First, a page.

The Powerhouse Of Writing 2 The Comma

The Powerhouse Of Writing 2: The Comma

In our second post on the powerhouse of writing, we look at how the comma can strengthen your writing.

The Powerhouse of Writing 2: The Comma

As a writer, you must know more than your ABCs, fancy words, or stylish phrases. You also need to know how to relate those words to your reader – that’s where punctuation kicks in.

Building on our successful series Punctuation For Beginners, we will now look beyond the grammar rules. What teachers usually don’t tell you is that those punctuation marks are the powerhouse of writing. Used correctly, punctuation can supercharge your text.

Today, we’ll look at commas. Please read this post first if you’re looking for the basics: Punctuation For Beginners: All About Commas

The Powerhouse of Writing 2: The Comma

1. Commas Steer Our Attention

Like the full stop (The Powerhouse Of Writing 1: The Full Stop), a comma reinforces the logical unit of a sentence. Commas do that by separating the main clause from anything that’s additional information. Check out this example: 

Example: In the evening, Malcolm, like Holly, prefers to wear sweatpants and sneakers everywhere, even to the opera.

The most important part of the sentence is ‘Malcolm prefers to wear sweatpants and sneakers everywhere.’ When and where Malcolm does that or who else likes the same thing, is not the main point of the sentence. The commas tell us so.

Isn’t it great when readers know where the action is? It becomes important when the sentence is extremely long and tricky. Confused readers only need to look for the commas, cut out all the additions, and they’re back on track.

2. Commas Supply Breathers

If full stops create logical units, then commas create breathers along the way.

Ideally, it should be possible to read one sentence on one in-breath. But when they’re longer, readers need to breathe midway to be able to finish the sentence. It’s the writer’s job to help the reader by providing a caesura, a small break (shorter than the full stop). The comma is the most common caesura (a semi-colon is another, for example).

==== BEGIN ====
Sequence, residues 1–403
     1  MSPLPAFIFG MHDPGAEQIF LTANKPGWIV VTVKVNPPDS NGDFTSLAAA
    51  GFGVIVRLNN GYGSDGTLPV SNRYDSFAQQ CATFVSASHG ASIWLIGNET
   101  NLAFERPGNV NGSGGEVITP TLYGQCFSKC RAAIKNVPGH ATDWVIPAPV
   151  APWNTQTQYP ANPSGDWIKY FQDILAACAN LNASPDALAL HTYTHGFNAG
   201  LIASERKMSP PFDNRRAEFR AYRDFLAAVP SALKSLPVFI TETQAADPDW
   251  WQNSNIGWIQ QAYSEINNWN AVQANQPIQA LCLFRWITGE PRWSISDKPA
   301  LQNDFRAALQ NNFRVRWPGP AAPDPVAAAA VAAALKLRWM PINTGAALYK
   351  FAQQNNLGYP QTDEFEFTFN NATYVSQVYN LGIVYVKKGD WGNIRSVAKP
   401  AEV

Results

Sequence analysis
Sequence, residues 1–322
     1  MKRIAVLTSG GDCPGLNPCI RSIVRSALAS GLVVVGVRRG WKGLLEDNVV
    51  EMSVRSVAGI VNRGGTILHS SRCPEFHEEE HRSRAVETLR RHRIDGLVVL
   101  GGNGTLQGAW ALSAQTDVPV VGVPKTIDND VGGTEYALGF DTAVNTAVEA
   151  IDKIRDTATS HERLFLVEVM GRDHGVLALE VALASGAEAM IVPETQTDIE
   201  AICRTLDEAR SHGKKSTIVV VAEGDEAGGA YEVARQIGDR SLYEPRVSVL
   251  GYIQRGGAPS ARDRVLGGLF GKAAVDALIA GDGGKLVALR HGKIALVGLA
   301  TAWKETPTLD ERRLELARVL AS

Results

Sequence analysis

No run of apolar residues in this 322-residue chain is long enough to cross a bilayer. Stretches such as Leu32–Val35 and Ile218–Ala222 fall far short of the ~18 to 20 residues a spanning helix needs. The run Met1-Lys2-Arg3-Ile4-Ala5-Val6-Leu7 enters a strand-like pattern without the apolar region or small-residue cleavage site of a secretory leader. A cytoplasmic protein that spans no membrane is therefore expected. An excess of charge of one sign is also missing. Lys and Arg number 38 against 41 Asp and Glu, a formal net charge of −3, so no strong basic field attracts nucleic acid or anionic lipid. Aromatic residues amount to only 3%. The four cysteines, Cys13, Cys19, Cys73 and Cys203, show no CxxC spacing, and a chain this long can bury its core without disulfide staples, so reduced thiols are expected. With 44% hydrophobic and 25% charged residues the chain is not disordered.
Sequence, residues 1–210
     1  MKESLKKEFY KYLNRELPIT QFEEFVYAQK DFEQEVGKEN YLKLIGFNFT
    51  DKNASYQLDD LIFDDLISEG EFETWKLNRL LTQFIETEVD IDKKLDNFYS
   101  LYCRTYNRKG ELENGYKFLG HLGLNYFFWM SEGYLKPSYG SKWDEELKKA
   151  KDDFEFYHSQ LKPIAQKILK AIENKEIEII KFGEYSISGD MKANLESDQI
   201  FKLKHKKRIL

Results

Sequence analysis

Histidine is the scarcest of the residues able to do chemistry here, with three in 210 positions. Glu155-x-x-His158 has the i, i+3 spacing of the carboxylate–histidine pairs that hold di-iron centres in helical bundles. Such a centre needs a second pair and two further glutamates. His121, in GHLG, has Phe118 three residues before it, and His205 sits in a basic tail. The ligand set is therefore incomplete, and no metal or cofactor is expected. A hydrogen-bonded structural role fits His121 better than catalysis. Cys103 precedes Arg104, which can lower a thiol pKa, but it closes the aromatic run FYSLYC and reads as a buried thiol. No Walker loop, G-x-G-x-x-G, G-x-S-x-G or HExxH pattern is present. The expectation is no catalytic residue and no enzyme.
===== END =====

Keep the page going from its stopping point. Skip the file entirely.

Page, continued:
Readers need these breaks to make sense of the sentence. If there is no time to catch your breath, then readers will drop out. As writers, we want to keep our readers on the page. We need them to focus on what we have to say. So, why not supply the breathers? You only need to use commas correctly.

Imagine what would happen if you didn’t. Place too few commas, and your readers will be breathless. Why? Because they will try to finish the sentence on one in-breath. On the other hand, place too many commas, and your readers will be panting!

3. Commas Keep The Readers On The Page

Because commas steer the readers’ breath and focus, they also help to keep readers on the page. As writers, we use this when we provide setting, description, backstory, and anything where we want to keep the reader relishing our every word and linger in that sentence.

Commas are the writer’s allies in slowing the reading pace down while keeping the reader’s attention up.

Here’s an example from Charles Dickens, A Tale of Two Cities:

‘It was the best of times, it was the worst of times, it was the age of wisdom, it was the age of foolishness, it was the epoch of belief, it was the epoch of incredulity, it was the season of Light, it was the season of Darkness, it was the spring of hope, it was the winter of despair, we had everything before us, we had nothing before us, we were all going direct to Heaven, we were all going direct the other way—in short, the period was so far like the present period, that some of its noisiest authorities insisted on its being received, for good or for evil, in the superlative degree of comparison only.’

Did you count? That’s 17 commas until the full stop!  Dickens could have used more full stops, of course. It would have revved up our reading flow, but it would have turned this text into a monotonous staccato.